Photographs. Jukhtak Vank Monastery

The Jukhtak monastery derives its name from the word ‘jukht’ which means ‘twin’. The complex consists of two churches, khachkars and a cemetery. The exact date of the foundation of the Jukhtak monastery is unknown. The inscriptions preserved on the walls of the church of Saint Gregory the Illuminator, the larger of its two churches, suggest that it was built much earlier than its ‘twin’, probably in 11th or 12th century. The smaller church of Saint Astvatsatsin (Mother Mary) was built in 1201 AD by the abbot Hayrapet of St. Petros Monastery.
Jukhtak Vank monastery, Tavush province of Armenia

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In Search of Jukhtak and Matosavank Monasteries

The ancient monasteries and churches are one of the top tourist destinations in Armenia, which is understandable given the history of the country and the role of Christianity in it. Monasteries and churches are spread all over the mountains, and Jukhtak Vank, Matosavank and Makaravank (‘vank’ is the Armenian word for monasteries) are just the few of them. While we have heard of the latter, the first two were mystery to us, and these monasteries made the itinerary for our next trip to Tavush province of Armenia. It took us about 2 hours to get to the city of Dilijan from Yerevan, with a short stop by the lake Sevan. And sometimes we didn’t even need to stretch our hands out with thumbs up – the drivers would stop upon noticing us walking along the road with our backpacks.
On the road between Yerevan and Dilijan, Armenia

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Nagorno-Karabakh Visa Information

Nagorno-Karabakh, or Artsakh, is a de-facto independent republic located in the South Caucasus, bordering Azerbaijan to the east, Armenia to the west, and Iran to the south. Populated predominantly by Armenians, then Nagorno-Karabakh Autonomous Region of Azerbaijan SSR held a referendum and declared its independence in 1991, which resulted in a large-scale war. The ceasefire signed in 1994 defined the current borders of the state. Artsakh is known for its ancient cultural heritage, and its wild nature and hospitality attract more and more travelers every year. Currently, the only way to enter Nagorno-Karabakh is via Armenia. Foreign travelers are required to obtain entry visa.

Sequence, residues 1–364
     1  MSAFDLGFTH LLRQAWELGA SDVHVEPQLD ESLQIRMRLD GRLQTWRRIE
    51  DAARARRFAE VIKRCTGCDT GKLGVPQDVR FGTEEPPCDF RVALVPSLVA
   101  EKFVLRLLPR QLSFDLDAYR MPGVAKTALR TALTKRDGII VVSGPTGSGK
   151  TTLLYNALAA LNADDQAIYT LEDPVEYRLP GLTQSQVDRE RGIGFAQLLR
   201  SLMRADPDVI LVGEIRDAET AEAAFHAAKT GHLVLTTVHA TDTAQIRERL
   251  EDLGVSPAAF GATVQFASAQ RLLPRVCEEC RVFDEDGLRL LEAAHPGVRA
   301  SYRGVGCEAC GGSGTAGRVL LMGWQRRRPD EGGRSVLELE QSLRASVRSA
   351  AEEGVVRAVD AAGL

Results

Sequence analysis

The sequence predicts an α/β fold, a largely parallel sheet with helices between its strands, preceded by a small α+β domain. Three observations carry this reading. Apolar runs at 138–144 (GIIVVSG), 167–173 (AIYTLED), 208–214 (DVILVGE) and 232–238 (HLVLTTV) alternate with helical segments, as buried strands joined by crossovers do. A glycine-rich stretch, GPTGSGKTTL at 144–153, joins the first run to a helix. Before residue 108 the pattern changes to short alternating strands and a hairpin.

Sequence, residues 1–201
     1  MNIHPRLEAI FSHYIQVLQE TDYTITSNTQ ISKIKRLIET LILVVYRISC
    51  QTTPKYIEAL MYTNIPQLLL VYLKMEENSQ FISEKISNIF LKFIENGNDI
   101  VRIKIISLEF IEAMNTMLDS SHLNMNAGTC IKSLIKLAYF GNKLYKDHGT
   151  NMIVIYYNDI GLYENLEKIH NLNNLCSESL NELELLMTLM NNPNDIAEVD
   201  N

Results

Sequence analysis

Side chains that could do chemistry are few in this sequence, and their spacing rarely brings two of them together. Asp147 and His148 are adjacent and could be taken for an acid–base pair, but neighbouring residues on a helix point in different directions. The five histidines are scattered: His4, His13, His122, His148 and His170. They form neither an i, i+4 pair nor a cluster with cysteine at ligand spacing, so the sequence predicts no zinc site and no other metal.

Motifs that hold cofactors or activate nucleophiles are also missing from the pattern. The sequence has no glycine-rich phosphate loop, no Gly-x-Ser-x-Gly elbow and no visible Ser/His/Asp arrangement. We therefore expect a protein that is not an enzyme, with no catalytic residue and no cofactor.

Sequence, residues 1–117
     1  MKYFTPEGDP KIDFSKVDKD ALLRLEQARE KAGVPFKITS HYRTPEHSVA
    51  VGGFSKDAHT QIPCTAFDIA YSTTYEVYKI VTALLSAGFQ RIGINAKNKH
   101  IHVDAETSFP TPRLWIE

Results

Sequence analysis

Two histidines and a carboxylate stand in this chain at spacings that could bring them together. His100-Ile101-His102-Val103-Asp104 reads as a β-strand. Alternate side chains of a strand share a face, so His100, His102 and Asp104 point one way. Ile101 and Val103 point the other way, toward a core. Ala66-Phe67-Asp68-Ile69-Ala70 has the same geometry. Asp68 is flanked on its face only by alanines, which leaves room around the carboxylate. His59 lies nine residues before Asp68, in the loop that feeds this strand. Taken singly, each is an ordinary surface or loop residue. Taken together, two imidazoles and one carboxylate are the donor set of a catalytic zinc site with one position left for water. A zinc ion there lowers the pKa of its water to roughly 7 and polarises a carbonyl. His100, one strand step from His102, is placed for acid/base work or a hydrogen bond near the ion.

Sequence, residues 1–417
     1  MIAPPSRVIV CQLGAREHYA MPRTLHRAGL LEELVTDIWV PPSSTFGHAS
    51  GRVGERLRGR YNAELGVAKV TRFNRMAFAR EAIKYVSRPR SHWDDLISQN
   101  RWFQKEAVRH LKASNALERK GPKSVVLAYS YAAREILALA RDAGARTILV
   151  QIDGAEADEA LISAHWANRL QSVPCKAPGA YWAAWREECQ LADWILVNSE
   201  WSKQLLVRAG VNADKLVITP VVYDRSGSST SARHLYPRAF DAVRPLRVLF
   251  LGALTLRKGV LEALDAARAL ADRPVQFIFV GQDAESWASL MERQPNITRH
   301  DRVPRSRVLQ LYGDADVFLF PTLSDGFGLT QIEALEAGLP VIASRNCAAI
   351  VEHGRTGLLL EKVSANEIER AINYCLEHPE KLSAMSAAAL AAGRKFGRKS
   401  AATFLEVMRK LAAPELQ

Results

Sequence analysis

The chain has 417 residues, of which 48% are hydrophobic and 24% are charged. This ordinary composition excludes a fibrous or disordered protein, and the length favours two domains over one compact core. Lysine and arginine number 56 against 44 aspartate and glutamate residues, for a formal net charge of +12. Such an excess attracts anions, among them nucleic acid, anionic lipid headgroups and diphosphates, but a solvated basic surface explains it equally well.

Map of Armenia and Nagorno-Karabakh, visa infomration

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A Trip to Noratus Cemetery

A long blue bus, the one imported from China to serve the Yerevan-Abovyan route, takes us out of Yerevan’s center to the road that connects Armenia’s capital with Gegharkunik and Tavush provinces, and particularly, with Lake Sevan. The bus is full, but we make our way out of it at the bus stop just after the Northern Bus Station. It’s noon. A warm and sunny February day. As we, me and my soulmate, Nané, reach the spot known to us from all of our previous trips along this road, we stretch our hands, thumbs up, and a minute later we get a ride from three friends who are driving their black Mercedes home to their village near Ijevan. They share their experiences in Russia – stories of their life and jobs in Siberia. Our conversation reminds me of my own adventures in Siberia.
On the Road from Yerevan to Sevan, Gegharkunik province, Armenia
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